Partial Solar Eclipse - March 2015

Good evening everyone.
Today, 20th March 2015, we, in the UK were subjected to a partial solar eclipse.  In my part of the country, we had around 86% coverage.  A while ago, I contacted my friend Jim to ask if he was interested in a joint observing session.  We come to the conclusion that it would be worth organising, just leaving the location to be decided.  The weather forecast this week has been changeable, but fortune favored us across mid wales, the borders and into the Midlands.  Last night we decided that a good vantage point for the event would be the plateau car park near Hay Bluff in the Black Mountains.  I arrived first and joined a few other people who were already there setting up ready for the partial eclipse to start.
I took with me, my 150p reflector telescope and my home made solar filter along with the eyepiece case, DSLR and of course, Gelert the dog.  I set the DSLR and telescope up so I could use prime focus photography through a x2 barlow.  This give me an excellent field of view where the sun more than filled it.  I also set up the GoPro camera to take a time lapse film of the event.  I was hoping that it would capture the dip in light, but as it happened, unfortunately, very little can be detected.

Once set up, I used my solar specs to keep an eye on progress whilst waiting for Jim to arrive.  First contact was made by the moon and sun alignment which showed up quite well in the camera view finder.

Also visible in this photo in the lower left corner of the from is a sunspot.
Jim arrived and we caught up while maintaining a watch on the progress of the eclipse.  From time to time we were also joined by other people who had come to see the eclipse and it was a pleasure to show them the view on the preview screen of the DSLR as the frames were being taken.
The solar specs certainly did an excellent job giving a very crisp and clear view of the eclipse.

As the eclipse progressed, the moon began to cover more and more of the suns surface.  We weren't exactly sure what to expect in terms of changes to daylight etc.  I knew that we wouldn't lose complete daylight due to the fact we were many hundred of miles from the path of totality.

It was tricky to tell at first if the light of day was dimming.  The human brain, and the function of the eye mean that we quickly adapt to subtle changes in levels of sunlight.  In real terms, light levels probably dimmed more that we appreciated at the time.  In the image above, the progress of the alignment can be seen nicely, again with the sunspot on the surface of the sun clearly visible.

It was probably around this point in the eclipse that we could say that were certainly aware of a decrease in sunlight reaching our position.  The sunspot getting close to the edge of the silhouette of the moon.  The only real way of finding out about the true reduction of daylight would have been with the use of a light meter.  Unfortunately, I don't have one of those in my box of gizmos but taking readings would have been interesting.

Now we see that the sun spot is fully hidden from view.  Locally, the weather had cooled quite dramatically.  I should have taken a hat and gloves really, but there you go.  As the eclipse progressed, I had to change the orientation of the DSLR in the focuser of the telescope to make sure I could fit as much of the image in the frame as possible.  Here, we can see what has been referred to in some media outlets as the smile of the sun.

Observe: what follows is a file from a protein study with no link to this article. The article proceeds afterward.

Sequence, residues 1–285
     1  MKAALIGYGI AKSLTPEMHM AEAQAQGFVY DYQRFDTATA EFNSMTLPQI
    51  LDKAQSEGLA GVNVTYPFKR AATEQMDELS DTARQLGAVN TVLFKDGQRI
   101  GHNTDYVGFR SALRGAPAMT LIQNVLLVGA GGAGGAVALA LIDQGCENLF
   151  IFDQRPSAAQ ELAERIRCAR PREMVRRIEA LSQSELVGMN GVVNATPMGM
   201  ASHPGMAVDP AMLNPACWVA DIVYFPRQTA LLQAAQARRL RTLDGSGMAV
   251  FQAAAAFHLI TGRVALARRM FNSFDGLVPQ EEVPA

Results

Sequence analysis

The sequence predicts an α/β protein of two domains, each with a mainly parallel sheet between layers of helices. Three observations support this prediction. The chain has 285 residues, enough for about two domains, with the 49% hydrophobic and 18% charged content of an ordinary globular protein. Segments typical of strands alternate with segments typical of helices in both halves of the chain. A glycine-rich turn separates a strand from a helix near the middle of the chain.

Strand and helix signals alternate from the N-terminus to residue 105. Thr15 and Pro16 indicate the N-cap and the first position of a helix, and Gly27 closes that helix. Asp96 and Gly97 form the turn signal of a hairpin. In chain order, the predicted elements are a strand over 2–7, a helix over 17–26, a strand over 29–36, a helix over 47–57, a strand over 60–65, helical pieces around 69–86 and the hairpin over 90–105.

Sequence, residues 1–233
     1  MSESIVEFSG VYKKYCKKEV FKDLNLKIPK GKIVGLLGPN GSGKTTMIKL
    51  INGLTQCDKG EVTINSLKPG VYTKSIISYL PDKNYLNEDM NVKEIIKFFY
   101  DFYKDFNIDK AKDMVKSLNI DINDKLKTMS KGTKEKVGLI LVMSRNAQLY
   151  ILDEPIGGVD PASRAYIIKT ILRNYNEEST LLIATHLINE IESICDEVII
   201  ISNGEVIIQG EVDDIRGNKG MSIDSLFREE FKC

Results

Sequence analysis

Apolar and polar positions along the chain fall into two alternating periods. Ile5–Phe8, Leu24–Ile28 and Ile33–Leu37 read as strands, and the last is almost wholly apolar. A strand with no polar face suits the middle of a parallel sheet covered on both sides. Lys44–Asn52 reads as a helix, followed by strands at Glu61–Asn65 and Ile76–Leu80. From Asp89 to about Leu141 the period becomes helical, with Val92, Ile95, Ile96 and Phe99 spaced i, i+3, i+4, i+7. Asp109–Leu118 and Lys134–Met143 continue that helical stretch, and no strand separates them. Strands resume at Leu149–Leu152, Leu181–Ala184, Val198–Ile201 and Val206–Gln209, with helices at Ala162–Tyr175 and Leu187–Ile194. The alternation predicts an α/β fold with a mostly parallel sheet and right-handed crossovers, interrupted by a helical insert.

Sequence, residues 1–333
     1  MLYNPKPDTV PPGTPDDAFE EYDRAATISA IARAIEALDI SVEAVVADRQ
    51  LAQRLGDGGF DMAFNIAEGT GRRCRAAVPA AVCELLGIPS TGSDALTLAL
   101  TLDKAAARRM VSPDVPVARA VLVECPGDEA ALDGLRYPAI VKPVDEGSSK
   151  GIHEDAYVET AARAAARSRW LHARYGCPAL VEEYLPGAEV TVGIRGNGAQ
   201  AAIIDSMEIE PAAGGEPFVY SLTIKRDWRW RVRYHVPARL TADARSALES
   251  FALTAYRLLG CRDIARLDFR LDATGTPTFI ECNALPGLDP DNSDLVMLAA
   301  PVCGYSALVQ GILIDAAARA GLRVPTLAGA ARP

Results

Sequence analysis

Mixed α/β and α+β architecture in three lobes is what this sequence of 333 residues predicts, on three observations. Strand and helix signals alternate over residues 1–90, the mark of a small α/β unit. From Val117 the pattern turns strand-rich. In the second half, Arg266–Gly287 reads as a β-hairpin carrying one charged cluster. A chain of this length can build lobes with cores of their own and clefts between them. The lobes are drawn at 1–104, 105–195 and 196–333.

This final image was about as close to totality as we could witness from our position.  At this point, we were witnessing a definite drop in sunlight conditions, a drop in temperature and also the start of a cooling breeze.  Whilst many people would report birds flying to trees to roost and the noise of bird song disappearing, we didn't witness that.  Partly because there were no trees, but mainly because the actual level of daylight was probably similar to that of what you experience in a typical bad thunder storm.  Bird song was heard throughout.

This was one of the last images of the morning as the moon began to retract its silhouette from the sun.  Overall, the experience of the eclipse was excellent and extremely memorable.  It was a pleasure to share it with Jim and the other people who came by to pay us a visit.  I will remember this for a very long time.  Back in the eclipse of August 1999, I was working near Talgarth.  Then, by some luck, I was given the day off so decided to view the eclipse from a location called Abes Mount.  I took with me my battery radio and sat against a tree trunk, listening to the radio coverage coming from the Cornish coast.  Back then, I didn't have any specialist viewing equipment, and truth be told, I think many people missed the event due to cloud.  However, there was sufficient cloud to block out most of the sunlight and I was able to observe it naked eye.  I counted myself very lucky.  Many people were clouded out totally.  That area of the Black Mountains is generally quite a special place, but events such as this make it more so.
Thanks for reading.


  1. Those photos came out well, and it was a very enjoyable experience. (I've got my tripod out of the loft so my refractor is now fully transportable. It's just a matter of deciding when and where for our next session.)


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